The Scarlet Letter

The Scarlet Letter

Delve into The Scarlet Letter, Nathaniel Hawthorne's meditation on human alienation and its effect on the soul in this story set in seventeenth-century Massachusetts and be dazzled by literature.

In Nathaniel Hawthorne's dark novel, The Scarlet Letter, a single sinful act ruins the lives of three people.

None more so than Hester Prynne, a young, beautiful, and dignified woman, who conceived a child out of wedlock and receives the public punishment of having to always wear a scarlet "A" on her clothing.

Though originally published in 1850, the story is set in seventeenth-century Massachusetts among Hawthorne's Puritan ancestors.

Reviews of the The Scarlet Letter

One wonders, why doth she, in this instance of walking across the room, begin her journey upon the left foot and not the right?

I found my old high school review of this book. I did the same thing with Old Man and the Sea (I remember loathing that book when I read it my freshmen year) and the second time around I LIKED IT!

If an entire community, and religious sect, brand a girls mother as a sinner, whether justly or unjustly, then surely the girl will take some of this to heart? If the only world she has ever known is one when he only parent is considered ungodly, blasphemous and full of sin, then surely she will begin to reflect some of these ideals? Ultimately, Hawthorne portrays the religious sect as hypocrites who are completely self-defeating in their actions. Men like this are dangerous, and in this Hawthorne establishes his message. The language combination was also a little odd at times; it felt like the author had lifted certain expressions straight from Shakespeares vocabulary and infused it with his own. The overall message of this piece of literature is what makes it a worthy read even if its delivery was a little pedantic at times. The overall message of this piece of literature is what makes it a worthy read even if its delivery was a little pedantic at times.

*edit 12 september 2008: im tutoring with this for of my students, as her AP english teacher is teaching it as part of his curriculum.

Actually, I've read this book twice, the first time when I was in high school.

It's been far too long since I read a book with careful intensity, noting throwaway lines that are likely to show up on a multiple choice or short answer test that misses the main themes of a book entirely while managing to ask lots of questions like, "In the fourth chapter, what kind of shoes was character you don't even remember wearing?" I was thinking maybe it would be nice to read a book like this without worrying about that stuff, just absorbing it for what it was and then moving on through my life drunk. Let me give you an example of what a sentence in this book is like: A man- who was born in a small town, which bore no resemblance to the town his parents imagined for him when they settled in the area over 40 years ago with every intention of starting a small business selling gift baskets online that sort of petered out after bigger companies like FTD caught onto the whole thing and ran the little guys out with predatory pricing- decided to go for a walk one day. But in a book where the sexual and social mores of Puritan society are called into question, it kind of overdoes everything and kills the mood. I have a frequent argument with my brother regarding what makes things (movies, books, whatever) great. Furthermore, when the prose is TOO challenging I am constantly thinking, "This is a book I am reading and here is the next line of this book." I am not at all swept up in the narrative and therefore don't enjoy it nearly as much. I like to think of books as being like magicians. It takes an even better writer to write a great book that appears nearly effortless. One might accuse me of rarely reading challenging books, and maybe it's true. Perhaps most telling, at the book club meeting we were discussing this last night, and an older lady asked a pretty decent question: "Why is this considered a classic?" There are two answers, one that is what the Everyman Library will tell you and one that I would tell you. I think there are a lot of people out there who never liked these books, and rather than making their voices heard about what they think people should read they just drop out of the world of books altogether. My point is, I think this is a bad book.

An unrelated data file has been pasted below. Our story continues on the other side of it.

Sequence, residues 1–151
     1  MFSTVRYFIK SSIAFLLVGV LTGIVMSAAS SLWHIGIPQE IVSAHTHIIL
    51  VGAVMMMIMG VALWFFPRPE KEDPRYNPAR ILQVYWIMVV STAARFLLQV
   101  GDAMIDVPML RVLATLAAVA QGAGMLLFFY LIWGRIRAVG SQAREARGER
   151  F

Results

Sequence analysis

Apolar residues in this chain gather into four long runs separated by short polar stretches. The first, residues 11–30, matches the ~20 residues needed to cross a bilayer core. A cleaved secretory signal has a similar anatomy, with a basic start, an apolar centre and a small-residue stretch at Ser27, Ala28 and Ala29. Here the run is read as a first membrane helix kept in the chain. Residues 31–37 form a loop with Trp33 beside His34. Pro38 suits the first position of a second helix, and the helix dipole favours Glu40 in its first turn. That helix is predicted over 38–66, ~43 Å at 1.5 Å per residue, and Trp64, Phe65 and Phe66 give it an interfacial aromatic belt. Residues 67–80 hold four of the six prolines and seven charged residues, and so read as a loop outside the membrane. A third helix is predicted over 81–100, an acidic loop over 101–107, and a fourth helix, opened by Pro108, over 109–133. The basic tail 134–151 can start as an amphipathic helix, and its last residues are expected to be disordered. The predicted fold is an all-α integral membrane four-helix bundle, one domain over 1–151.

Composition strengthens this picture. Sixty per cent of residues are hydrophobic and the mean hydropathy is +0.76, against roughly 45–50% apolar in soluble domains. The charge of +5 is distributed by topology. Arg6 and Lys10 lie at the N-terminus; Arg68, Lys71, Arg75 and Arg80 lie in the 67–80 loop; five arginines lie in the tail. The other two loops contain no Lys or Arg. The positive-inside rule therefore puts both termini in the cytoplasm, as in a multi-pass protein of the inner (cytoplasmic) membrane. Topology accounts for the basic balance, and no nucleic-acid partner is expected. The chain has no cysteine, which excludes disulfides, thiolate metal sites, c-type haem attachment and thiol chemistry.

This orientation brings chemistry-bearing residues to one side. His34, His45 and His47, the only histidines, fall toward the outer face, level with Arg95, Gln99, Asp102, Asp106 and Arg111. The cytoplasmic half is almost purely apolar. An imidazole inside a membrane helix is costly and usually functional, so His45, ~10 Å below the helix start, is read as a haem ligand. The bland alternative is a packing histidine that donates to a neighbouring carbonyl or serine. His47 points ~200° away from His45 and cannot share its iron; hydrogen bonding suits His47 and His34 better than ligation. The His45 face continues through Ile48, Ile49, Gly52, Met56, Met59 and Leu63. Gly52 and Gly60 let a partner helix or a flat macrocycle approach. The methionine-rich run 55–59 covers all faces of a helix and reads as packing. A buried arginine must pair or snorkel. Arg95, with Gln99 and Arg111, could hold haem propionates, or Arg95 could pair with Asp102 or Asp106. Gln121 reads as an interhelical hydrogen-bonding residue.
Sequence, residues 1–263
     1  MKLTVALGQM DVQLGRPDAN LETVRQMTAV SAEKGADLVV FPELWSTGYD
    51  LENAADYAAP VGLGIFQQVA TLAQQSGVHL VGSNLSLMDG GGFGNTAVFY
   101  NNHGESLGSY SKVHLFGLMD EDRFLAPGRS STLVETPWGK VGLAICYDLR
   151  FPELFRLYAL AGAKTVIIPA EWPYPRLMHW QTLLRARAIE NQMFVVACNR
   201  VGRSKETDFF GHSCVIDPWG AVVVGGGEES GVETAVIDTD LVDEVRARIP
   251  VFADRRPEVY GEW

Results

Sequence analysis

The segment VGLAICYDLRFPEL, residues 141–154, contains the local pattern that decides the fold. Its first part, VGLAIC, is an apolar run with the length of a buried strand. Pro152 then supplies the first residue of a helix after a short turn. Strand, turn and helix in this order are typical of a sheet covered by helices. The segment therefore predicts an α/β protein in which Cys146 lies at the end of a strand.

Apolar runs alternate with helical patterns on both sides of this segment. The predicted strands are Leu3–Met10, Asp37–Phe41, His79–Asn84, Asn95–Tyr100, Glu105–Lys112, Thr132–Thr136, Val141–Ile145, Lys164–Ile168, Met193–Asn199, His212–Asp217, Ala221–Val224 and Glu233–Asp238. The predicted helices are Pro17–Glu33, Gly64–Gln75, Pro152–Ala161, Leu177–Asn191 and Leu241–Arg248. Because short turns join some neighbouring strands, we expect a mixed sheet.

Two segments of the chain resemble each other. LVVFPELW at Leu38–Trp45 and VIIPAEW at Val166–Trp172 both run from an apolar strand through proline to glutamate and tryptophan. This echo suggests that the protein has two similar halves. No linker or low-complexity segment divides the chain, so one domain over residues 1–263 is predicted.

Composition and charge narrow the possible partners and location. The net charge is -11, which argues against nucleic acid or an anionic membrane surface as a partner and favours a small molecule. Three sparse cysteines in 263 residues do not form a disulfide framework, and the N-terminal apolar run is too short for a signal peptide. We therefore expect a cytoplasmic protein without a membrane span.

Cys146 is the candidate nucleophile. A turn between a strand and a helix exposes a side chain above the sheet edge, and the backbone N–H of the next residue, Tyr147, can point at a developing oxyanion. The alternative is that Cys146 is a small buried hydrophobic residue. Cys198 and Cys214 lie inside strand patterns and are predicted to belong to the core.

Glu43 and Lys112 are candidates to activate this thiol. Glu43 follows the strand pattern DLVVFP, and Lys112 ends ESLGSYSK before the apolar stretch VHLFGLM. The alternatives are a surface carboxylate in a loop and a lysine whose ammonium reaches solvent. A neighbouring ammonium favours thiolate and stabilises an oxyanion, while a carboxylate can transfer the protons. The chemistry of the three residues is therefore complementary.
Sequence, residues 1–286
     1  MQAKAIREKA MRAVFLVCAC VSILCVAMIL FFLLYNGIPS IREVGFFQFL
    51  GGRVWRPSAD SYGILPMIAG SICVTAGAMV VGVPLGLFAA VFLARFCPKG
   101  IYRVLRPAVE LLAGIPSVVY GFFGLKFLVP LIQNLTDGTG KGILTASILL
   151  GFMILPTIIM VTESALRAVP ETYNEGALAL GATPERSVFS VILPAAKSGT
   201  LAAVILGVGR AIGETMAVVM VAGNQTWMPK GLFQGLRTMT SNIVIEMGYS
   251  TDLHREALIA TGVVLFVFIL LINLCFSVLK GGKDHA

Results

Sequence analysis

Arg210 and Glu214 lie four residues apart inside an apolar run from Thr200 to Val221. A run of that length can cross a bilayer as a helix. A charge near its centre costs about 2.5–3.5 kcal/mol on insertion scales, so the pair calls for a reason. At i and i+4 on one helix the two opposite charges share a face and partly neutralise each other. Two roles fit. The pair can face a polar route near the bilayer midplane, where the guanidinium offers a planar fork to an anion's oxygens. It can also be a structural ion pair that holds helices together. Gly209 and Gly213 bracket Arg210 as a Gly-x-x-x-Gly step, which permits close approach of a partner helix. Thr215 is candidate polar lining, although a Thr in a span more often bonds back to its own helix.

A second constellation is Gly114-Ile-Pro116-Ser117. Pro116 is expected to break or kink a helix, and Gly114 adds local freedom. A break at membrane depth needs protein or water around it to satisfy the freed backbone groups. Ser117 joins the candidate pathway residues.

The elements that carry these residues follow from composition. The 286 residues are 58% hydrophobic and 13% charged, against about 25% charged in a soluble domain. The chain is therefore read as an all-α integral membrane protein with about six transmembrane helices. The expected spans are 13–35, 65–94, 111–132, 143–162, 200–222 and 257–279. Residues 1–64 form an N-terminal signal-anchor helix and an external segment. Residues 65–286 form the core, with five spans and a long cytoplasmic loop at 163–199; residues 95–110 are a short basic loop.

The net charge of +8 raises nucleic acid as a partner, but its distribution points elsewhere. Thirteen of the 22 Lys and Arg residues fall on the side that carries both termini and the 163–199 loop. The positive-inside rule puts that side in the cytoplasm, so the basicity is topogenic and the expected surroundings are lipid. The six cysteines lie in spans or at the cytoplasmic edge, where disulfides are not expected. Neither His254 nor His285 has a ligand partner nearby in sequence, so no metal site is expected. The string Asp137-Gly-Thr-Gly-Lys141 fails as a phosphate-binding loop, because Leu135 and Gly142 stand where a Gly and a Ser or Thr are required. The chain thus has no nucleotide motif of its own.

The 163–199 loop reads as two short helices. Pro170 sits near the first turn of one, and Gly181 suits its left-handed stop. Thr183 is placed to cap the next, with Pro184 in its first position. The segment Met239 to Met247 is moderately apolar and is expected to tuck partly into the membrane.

I think the main problem for me is that a lot of The Scarlet Letter relies on the religious aspect instead of the social aspect. I expected a lot more ostracising and name-calling from other members of the community but most people talked to Hester like she'd done nothing wrong (though, they tended to stare at her scarlet letter) and her bad reputation didn't seem to affect her life massively. In fact, it didn't seem to me like much of the main story was about the scarlet letter attached to her bosom. If you don't know the story, basically Hester Prynne commits adultery that results in the birth of an illegitimate child, the ministers then rule that she should be forced to wear a scarlet letter 'A' for the rest of her life so she will be publicly shamed.

Hawthorne anonymously published his first work, a novel titled Fanshawe, in 1828. His work is considered part of the Romantic movement and includes novels, short stories, and a biography of his friend, the United States President Franklin Pierce.

  • English

  • Classics

  • Rating: 3.39
  • Pages: 279
  • Publish Date: February 27th 2003 by Penguin Books
  • Isbn10: 0142437263
  • Isbn13: 9780142437261